Liang Yan**

Postcolonial Affairs of Food and the Heart by Yesi, performed by On&On. Director: Chan Ping-chiu. Adaptation Playwright: Chan Ping-chiu. Original text: Postcolonial Affairs of Food and the Heart (2009), author: Yesi. Company: On&On. Premiere: Studio Theatre, Hong Kong Cultural Center, May 20, 2016.

Yesi (1949-2013), eminent Hong Kong writer and scholar, was dedicated to promoting Hong Kong literature and sought to tell a Hong Kong story all his life. Postcolonial Affairs of Food and the Heart (2009) is his representative work. The novel consists of eleven short stories, with its protagonists living across different stories and relationships. The work is set in post-1997 Hong Kong, though recollections to pre-handover occupy a considerable proportion and bear no less importance. In 2014, Chan Ping-chiu, veteran director from the local theatre group On&On, selected three stories from this book, namely, the stories of Stephen, Emily and Lo Sit, and put them into a theatre adaptation. Stephen is a bar owner in his thirties, Emily is a suburban girl who went out to the Central Business District of Hong Kong to earn a living and Lo Sit is an experienced food critic, also known as “God of Food.”

The poster for the production. Photo Cheung Chi Wai

The focus of Chan’s attempt in 2014 was the legendary figure Lo Sit, the wanderer who had lived through the last half-century of Hong Kong and tasted almost every flavor of the city, witnessing its up and downs, as well as those of his own career. Chan successfully wove the three different stories together into a lively piece capturing significant moments of Hong Kong. The work received wide praise at the time. Two years later, with much expectation from theatre fans, Chan put forward his second attempt. He shifted the focus and showed a broader vision. This article reviews the new adaptation, with the 2014 version as a point of comparison.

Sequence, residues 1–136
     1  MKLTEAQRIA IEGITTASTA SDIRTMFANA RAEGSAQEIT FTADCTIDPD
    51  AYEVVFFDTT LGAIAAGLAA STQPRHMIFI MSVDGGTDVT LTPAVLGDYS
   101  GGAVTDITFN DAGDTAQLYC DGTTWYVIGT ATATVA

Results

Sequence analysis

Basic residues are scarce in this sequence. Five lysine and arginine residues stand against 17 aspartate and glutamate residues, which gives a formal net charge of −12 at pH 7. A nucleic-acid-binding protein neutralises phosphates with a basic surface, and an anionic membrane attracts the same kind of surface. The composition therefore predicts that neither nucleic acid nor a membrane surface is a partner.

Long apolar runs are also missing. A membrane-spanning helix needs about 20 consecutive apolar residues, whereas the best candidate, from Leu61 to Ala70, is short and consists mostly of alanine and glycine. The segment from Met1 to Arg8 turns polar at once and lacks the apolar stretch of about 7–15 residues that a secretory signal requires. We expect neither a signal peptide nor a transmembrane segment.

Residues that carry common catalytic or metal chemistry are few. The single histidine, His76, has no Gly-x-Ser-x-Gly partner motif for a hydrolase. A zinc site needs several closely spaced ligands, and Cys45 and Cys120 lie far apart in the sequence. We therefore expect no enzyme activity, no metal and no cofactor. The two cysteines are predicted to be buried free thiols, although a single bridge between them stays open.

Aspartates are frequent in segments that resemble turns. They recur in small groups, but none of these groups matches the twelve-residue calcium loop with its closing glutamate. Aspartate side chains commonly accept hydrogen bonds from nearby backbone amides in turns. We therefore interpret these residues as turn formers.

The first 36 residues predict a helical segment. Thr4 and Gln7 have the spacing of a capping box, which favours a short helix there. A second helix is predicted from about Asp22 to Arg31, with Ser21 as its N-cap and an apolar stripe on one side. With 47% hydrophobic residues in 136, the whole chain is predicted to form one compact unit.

From Narration to Expression, From Call to Autonomy to Quest for Identity

The first major change is Chan’s reset of the background: he moved the story ahead to the autumn of 2014. This change is indicative. The autumn of 2014 is actually during the Umbrella Movement. Chan added a sequel episode to Yesi’s novel: Siu Suet, the apprentice of Lo Sit, came back to Hong Kong from Taiwan in order to attend Lo Sit’s funeral, and she witnessed the turbulence of the unprecedented social movement. The death of Lo Sit led to the search for his manuscript of “The Book of Food,” an all-encompassing compendium of food that he had longed for almost his whole life. As Siu Suet was searching for her master’s lost manuscript, she had a dream in which the stories of Stephen, Emily and Lo Sit were called back.

Compared with the first adaption, the story of Lo Sit is considerably shortened and the spotlight is on the apprentice. Chan’s choice to use Siu Suet, the living young apprentice, as a key in narrating the play, suggests that he had young people in mind as his target audience. In the play, Lo Sit told Siu Suet explicitly, “It is not about us anymore. It is about your generation.”

Emily (center) talks to the audience about her happy childhood memories. Photo by Cheung Chi Wai

The new adaptation is no longer limited to narrating the adventurous life trajectory of a legendary figure in food critic circles. Chan’s ambition goes beyond that. He reveals the bigger context—for instance, issues of food safety, environment protection, human relationships, cross-border political tension, etc.—and he disturbs the daily and normal life of the city dwellers through multiple representations of these issues on stage. Chan, the homegrown director, injects his depression, anger, regrets and hope into Yesi’s characters and stories, and gives them vital new life in the theatre adaptation. The number of monologues are increased compared to the 2014 version, and the increase offers a more articulated and nuanced account of the psychological struggles of the characters, such as feeling lost, confused, anxious and almost helpless.

The deep social concern of the director is obvious throughout the whole play. “Should you be able to choose what to put into your own mouth, you become an independent person.” The repeated appearance of this line represents the consistent theme of “autonomy and independence,” which lingered throughout the last version. And, in the new edition, Siu Suet sighed that food is unlike a lover whom one can freely choose, and she admitted that one’s taste is closely related to upbringing, family background, local culture, social practices, etc. The theme, therefore, extends to a discussion on the issues of “identity and roots.” This was especially critical to the social context when the play was premiered—Hong Kong society in 2016, in the aftermath of the Umbrella Movement.

Exploring Theatrical Form, Experiencing Theatrical Ritual